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Judge Rules In Favor Of Sex Offenders, Says Sheriff's 'No Trick-Or-Treat' Signs Need To Be Removed
A federal judge has ruled that signs in Butts County, Georgia warning children not to trick or treat at specific sex offenders' homes violates the offenders' First Amendment rights.
A federal judge has ruled in favor of a group of sex offenders who sued their local sheriff’s department for posting “No Trick-or-Treat” signs at their Georgia homes.
Butts County Sheriff Gary Long decided to post signs that read “No Trick or Treat” at every registered sex offender’s home in the county last Halloween, according to a press release from earlier this month.
Three of the sex offenders affected took the matter to court, stating that the signs violate their privacy and rights. Christopher Reed, Reginald Holden, and Corey McClendon filed a lawsuit this month, asking for both a block of the signs and for damages, WGXA in Macon reported.
A federal judge ruled last week that the sheriff can no longer post signs in their yards, WXIA-TV in Georgia reports. While no damages were granted, the judge ruled that the signs violated the sex offenders’ First Amendment rights. While the judge ruled that the sheriff can act on any specific risk to public safety, he cannot post signs about anyone and everyone who is on the sex offender registry.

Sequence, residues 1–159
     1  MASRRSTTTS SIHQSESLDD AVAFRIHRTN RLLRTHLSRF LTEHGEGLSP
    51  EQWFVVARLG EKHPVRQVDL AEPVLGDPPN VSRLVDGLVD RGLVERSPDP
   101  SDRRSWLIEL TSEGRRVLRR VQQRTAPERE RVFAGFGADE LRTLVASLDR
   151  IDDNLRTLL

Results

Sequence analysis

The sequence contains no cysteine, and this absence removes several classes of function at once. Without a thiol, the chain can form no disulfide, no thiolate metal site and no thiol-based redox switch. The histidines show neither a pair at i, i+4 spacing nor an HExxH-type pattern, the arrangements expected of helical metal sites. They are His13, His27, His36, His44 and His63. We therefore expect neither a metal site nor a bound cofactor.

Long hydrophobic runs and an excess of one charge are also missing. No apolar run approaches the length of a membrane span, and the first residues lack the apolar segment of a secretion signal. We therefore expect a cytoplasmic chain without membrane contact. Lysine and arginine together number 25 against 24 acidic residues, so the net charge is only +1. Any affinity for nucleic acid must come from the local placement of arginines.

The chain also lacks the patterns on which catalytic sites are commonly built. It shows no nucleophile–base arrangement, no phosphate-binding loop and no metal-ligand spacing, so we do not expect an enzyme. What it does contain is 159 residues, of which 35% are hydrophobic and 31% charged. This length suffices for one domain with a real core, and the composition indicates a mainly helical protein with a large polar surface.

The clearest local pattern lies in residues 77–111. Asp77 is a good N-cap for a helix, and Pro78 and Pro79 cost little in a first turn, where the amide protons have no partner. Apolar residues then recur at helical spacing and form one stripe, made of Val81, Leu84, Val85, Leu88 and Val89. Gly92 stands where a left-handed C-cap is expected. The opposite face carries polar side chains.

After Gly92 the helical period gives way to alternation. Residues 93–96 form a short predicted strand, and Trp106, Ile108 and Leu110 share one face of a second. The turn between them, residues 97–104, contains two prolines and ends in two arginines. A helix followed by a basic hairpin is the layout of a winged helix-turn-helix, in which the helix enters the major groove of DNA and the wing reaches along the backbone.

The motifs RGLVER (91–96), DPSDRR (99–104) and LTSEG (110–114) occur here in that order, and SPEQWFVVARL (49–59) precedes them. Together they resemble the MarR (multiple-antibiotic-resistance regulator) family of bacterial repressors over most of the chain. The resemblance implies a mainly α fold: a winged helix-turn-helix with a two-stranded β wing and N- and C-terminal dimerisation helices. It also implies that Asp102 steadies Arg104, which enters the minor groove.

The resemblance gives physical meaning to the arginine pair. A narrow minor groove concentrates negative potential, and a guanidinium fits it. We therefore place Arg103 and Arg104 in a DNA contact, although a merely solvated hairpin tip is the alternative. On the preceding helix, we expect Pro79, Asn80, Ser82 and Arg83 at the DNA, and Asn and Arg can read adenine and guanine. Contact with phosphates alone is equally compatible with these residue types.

“The judge in this matter has ruled that I can NOT put signs on the right-of-way of the three offenders that filed the lawsuit,” Long wrote on Facebook on Tuesday. “While I respectfully and strongly disagree with the judge’s ruling, I must abide by the ruling.”
He said that while he cannot post signs, his department will keep “a very strong presence in the neighborhoods where we know sex offenders are likely to be.” Long also encourages parents to view the sex offender registry map. Additionally, he said he discourages anyone from taking “matters into your own hands this Halloween” regarding frustration towards the judge’s ruling.
Meanwhile, the attorney representing the sex offenders in this case, Mark Yurachek, has expressed gratitude for the ruling, which he calls a "thoughtful and measured decision."
"We hope for and wish that every child in Butts County and in every community in the country enjoys a joyful and safe Halloween and note, as the Court’s opinion did, that the lack of signs in front of registrants’ homes will not affect either their joy or their safety this year or any other year,” he told WXIA-TV.
Long said on his most recent Facebook post that he "will continue to fight for and protect our children by any legal means necessary."